Giving back to the community: Barnes Trust is still going strong

By SHERIDAN CYR

STAFF WRITER

The Main Street Community Foundation recently completed and distributed its 2017 annual report, and between various grants and scholarships awarded to Southington nonprofits and individuals, the town had received over $763,000.

Of that number, $725,011 came from the Bradley Henry Barnes & Leila Upson Barnes Memorial Trust and was distributed to several nonprofits in Southington. A new grant-giving program that MSCF formed in 2017 called the “well-being grant initiative” was highlighted in their annual report.

“We chose to highlight the well-being grant initiative because it was something different that we were doing with the Barnes trust,” said MSCF president and CEO Susan Sadecki. “The hope was to spur some new ideas and have people think outside the box of physical health, and we got some really nice applications for that grant initiative.”

Sadecki explained the Barnes memorial trust distribution is limited, by the will of Bradley Barnes, to aid the healthcare and wellness of Southington.

“The way we handle distributions with that trust are to consistently ask questions and participate in the community, and have conversations about what is driving the health of Southington residents,” said Sadecki.

The well-being grant benefited: the Early Childhood Collaborative of Southington at $23,150 for five educational initiatives to improve the well-being of Southington’s young children; LISA, Inc. (Living in Safe Alternatives) at $25,600 for a partnership with Southington Youth Services Bureau and the STEPS coalition to offer a comprehensive array of supports to reduce substance abuse in Southington teens; and the United Way of Southington at $40,000 for a collaboration with Senior Transportation Services of New Britain to enhance transportation services to Southington seniors.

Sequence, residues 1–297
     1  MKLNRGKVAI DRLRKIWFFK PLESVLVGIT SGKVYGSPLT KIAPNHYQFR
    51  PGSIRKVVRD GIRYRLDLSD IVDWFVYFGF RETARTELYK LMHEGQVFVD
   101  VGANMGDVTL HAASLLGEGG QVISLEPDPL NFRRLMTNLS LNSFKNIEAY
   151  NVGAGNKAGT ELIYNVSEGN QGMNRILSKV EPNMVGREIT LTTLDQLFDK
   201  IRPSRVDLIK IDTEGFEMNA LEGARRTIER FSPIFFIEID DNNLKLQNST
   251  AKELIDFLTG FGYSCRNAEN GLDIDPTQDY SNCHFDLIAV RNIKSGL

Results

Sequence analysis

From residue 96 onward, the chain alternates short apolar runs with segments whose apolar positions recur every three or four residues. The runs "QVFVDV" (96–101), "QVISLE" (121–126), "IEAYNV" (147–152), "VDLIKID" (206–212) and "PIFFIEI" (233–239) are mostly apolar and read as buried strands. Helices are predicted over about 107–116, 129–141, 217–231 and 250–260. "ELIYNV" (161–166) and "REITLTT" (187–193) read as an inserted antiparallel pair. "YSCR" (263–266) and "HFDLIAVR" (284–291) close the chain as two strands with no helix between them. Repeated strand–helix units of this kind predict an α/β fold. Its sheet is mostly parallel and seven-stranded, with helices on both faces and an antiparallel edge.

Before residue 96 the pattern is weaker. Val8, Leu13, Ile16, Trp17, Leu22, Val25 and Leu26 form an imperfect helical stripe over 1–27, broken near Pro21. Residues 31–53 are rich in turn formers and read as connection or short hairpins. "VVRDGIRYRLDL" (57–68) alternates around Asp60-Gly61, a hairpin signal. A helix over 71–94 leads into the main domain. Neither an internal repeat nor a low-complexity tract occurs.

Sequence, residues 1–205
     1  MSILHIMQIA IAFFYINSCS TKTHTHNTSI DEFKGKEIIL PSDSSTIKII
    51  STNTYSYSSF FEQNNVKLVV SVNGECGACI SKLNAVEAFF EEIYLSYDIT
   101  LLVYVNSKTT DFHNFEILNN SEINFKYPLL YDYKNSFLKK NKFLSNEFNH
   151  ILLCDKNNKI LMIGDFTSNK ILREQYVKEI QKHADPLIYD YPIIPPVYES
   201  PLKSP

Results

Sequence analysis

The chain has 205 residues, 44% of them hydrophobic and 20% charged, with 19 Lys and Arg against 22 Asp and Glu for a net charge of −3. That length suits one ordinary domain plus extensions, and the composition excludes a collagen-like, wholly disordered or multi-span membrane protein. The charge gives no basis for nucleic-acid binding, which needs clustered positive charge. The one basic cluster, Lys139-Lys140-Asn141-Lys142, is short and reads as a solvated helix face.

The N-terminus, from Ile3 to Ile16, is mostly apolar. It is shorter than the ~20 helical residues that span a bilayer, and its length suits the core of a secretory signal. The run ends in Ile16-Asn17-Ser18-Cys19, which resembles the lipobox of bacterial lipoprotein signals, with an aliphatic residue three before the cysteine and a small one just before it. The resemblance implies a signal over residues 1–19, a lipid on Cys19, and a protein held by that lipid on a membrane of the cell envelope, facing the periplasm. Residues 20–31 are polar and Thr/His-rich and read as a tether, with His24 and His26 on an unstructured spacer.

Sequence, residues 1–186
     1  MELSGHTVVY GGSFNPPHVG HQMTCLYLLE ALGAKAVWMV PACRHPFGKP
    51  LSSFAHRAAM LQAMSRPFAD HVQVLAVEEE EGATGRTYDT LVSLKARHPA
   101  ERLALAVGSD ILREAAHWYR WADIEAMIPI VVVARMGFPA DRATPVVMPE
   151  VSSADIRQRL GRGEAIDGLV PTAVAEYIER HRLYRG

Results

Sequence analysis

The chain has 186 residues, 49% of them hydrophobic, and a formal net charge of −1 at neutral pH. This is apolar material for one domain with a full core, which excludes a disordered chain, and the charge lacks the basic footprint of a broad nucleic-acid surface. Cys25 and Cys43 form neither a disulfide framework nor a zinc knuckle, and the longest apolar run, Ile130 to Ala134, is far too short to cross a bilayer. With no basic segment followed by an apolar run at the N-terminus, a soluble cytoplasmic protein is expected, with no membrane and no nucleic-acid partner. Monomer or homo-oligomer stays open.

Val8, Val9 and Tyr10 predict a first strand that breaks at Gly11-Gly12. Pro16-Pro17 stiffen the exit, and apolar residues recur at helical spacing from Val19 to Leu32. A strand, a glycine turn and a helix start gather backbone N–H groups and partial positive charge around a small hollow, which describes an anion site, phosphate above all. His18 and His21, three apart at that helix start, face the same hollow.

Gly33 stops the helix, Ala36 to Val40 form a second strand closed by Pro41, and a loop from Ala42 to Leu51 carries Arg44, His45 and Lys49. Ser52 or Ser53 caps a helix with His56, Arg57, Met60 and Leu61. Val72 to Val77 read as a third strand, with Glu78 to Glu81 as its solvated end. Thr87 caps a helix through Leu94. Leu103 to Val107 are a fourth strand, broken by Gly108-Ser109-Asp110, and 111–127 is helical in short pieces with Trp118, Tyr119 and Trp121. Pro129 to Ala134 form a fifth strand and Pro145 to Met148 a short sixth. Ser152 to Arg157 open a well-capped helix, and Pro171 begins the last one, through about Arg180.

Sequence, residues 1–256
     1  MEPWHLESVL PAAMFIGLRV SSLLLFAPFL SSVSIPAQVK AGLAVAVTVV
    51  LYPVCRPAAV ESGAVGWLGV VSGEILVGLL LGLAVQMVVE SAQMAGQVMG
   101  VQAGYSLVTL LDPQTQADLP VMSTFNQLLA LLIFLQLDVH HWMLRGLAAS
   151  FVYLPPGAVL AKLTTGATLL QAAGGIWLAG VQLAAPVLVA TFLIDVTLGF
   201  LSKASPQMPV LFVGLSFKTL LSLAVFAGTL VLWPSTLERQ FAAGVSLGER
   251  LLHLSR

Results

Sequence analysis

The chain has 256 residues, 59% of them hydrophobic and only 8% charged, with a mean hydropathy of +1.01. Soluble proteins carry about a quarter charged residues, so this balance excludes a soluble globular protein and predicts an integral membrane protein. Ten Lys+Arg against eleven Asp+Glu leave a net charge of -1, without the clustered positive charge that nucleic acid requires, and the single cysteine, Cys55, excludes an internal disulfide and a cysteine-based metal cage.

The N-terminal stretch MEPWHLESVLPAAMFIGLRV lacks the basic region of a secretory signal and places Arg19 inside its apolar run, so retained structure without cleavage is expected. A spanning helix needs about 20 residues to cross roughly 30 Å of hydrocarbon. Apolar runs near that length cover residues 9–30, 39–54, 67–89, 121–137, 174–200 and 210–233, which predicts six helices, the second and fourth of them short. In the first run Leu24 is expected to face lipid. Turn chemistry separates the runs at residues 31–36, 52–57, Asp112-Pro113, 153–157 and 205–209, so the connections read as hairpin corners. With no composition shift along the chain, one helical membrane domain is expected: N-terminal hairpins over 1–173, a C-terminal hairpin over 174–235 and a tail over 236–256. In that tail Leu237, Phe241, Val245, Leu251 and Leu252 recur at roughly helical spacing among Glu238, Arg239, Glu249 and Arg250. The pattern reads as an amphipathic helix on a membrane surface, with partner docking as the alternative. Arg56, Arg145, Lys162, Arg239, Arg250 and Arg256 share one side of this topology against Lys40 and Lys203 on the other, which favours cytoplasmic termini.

Bradley Henry Barnes

In addition to the well-being grant recipients, the Barnes Memorial Trust awarded 11 programmatic and capital grants totaling $635,261 to Southington nonprofits. The grants fall within five community-identified health and healthcare areas: accessibility and affordability of health care; substance abuse prevention and mental health needs; health care for an aging population; better integrated health care delivery; and education

Leila Upson Barnes

about existing services.

“Those needs were identified in a 2013 study we commissioned, and those key findings are the same findings we are still addressing now,” Sadecki said.

Other grants made to benefit Southington residents come through competitive grant funding initiatives. Applications are sent to MSCF, and every entity competes against each other for their applications to be funded. The grants are recommended by the distribution committee made up of volunteers from all six towns that MSCF serves.

“The distribution committee members meet with the applicant organizations, then come back and tell other members what they saw and heard,” Sadecki said. “They decide if the application would be a responsible use of the foundation’s money and determine if the applicant will be fully funded, partially funded or denied funding.”

MSCF supports through grants the towns of Southington, Plainville, Bristol, Wolcott, Burlington and Plymouth, Connecticut. Within one year of receiving support, organizations are required to provide a follow up report with specific metrics and responses to show how the monies were utilized.

“We are here to promote philanthropy, and we can only do that if we know what’s going on in our communities,” said Sadecki. “We are very in-tuned and involved with the six towns we support.”

MSCF is now accepting grant applications for the following grant cycles open to Southington: Bradley Henry Barnes and Leila Upson Barnes Memorial Trust (deadline Sept. 14), Men & Boys’ Fund (deadline Sept. 7) and Women & Girls’ Fund (deadline Sept. 14).

Contact (860) 583-6363 for more information or visit www.mainstreetfoundation.org.

 

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